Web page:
The vestibule is also somewhat untraditional, in that it doesn’t reach all the way to the ground, but has a gap at the bottom. This is to promote airflow in order to prevent internal condensation. It does require that you be conscious of wind direction on cool nights and that you pitch the vestibule away from the wind direction so that the breeze hits the rear of the tent instead. I can recall one particularly cold night when I didn’t heed this advice and I had to use my backpack as a bivy sack for warmth when cold wind blew into my tent.

The front pole is pitched at an angle so it doesn’t interfere with the interior space
The front pole is pitched at an angle so it doesn’t interfere with the interior space

The most important tip I can share when setting up any pyramid-like shelter like the Lunar Solo, is to keep the guylines as loose as possible when staking it out, only tightening them once the main pole has been set. This gives the shelter the ability to adapt to potentially uneven or slightly sloped terrain.

The pole is pitched at a slight angle so it doesn’t intrude into the living area. The top of your trekking pole fits into the tent peak, which also has a top vent (the Lunar Solo is Pacer Pole compatible, as shown.) The carbide tip of your pole fits into a grommet attached to the tent floor, providing a nice stable support that won’t slip at night. There’s a single guyline that runs from the peak to the ground and prevents the pole from falling. It’s really quite a strong setup.

A hook connects the door to a prussik know which is used to tension it down.
A hook connects the door to a prusik knot which slides up and down the guyline and is used to tension it.

There’s a zipper that connects the two half front doors, which you close above the front guyline. Each door has a small webbing loop at its base which you can connect to a prusik knot that travels along the front guyline. This lets you tension the doors down or up, or connect one to the guyline and not the other.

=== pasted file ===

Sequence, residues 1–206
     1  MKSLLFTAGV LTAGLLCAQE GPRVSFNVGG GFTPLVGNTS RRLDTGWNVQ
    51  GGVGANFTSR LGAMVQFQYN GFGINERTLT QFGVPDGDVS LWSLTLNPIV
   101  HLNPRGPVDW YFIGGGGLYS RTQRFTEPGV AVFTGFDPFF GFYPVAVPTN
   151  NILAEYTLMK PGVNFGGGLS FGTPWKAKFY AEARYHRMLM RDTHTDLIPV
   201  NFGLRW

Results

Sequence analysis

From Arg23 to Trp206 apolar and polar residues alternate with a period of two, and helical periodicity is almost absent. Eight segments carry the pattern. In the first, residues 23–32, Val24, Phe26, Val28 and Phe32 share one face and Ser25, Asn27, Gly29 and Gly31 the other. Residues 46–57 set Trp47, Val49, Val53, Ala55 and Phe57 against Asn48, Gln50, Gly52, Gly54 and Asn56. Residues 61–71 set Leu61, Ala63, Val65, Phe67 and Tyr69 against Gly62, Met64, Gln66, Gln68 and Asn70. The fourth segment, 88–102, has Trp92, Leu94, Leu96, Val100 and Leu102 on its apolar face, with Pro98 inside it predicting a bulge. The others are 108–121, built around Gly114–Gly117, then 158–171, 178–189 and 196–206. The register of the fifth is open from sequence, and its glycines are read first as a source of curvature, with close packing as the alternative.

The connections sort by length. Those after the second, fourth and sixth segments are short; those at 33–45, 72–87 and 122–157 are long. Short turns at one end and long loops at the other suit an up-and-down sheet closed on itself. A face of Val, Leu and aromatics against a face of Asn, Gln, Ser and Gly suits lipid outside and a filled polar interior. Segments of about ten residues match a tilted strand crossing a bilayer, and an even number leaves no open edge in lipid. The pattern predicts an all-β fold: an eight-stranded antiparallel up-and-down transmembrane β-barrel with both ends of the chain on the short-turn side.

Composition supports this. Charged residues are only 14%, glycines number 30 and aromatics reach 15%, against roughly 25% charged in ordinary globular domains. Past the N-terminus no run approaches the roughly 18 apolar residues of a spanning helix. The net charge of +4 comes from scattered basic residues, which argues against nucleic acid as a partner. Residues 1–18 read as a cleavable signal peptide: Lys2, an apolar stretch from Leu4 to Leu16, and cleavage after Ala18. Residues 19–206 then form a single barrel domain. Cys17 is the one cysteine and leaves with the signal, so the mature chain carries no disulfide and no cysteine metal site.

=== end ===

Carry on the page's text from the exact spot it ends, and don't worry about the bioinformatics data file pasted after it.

The interior of the Lunar Solo is quite comfortable and spacious with plenty of headroom to sit up or change your clothing inside. Like all pyramid shelters, the head and foot ends slope down, but the floor is long enough (90″) that there’s little risk of internal condensation transfer. There are also additional guy out points halfway up the sidewalls that you can guy out with extra cordage to increase the interior space and anchor the tent down in high wind.

The Lunar Solo has a bathtub floor to prevent rain water from flooding the tent floor
The Lunar Solo has a bathtub floor to prevent rainwater from flooding the tent floor.

While the Lunar Solo has a bathtub floor, the height of the sidewalls can vary from flat, up to 6″ in height, depending on a subtle interplay of factors such as the height of the pole, the flatness of the ground that you pitch on, and the amount of tension exerted on the guylines. Getting the right combination of factors can be very hit or miss, so your best bet is to focus on good campsite selection to compensate for a less than perfect pitch. That means pitching the tent in a well-drained spot and over porous soil or forest duff in order to avoid pooling water if it rains.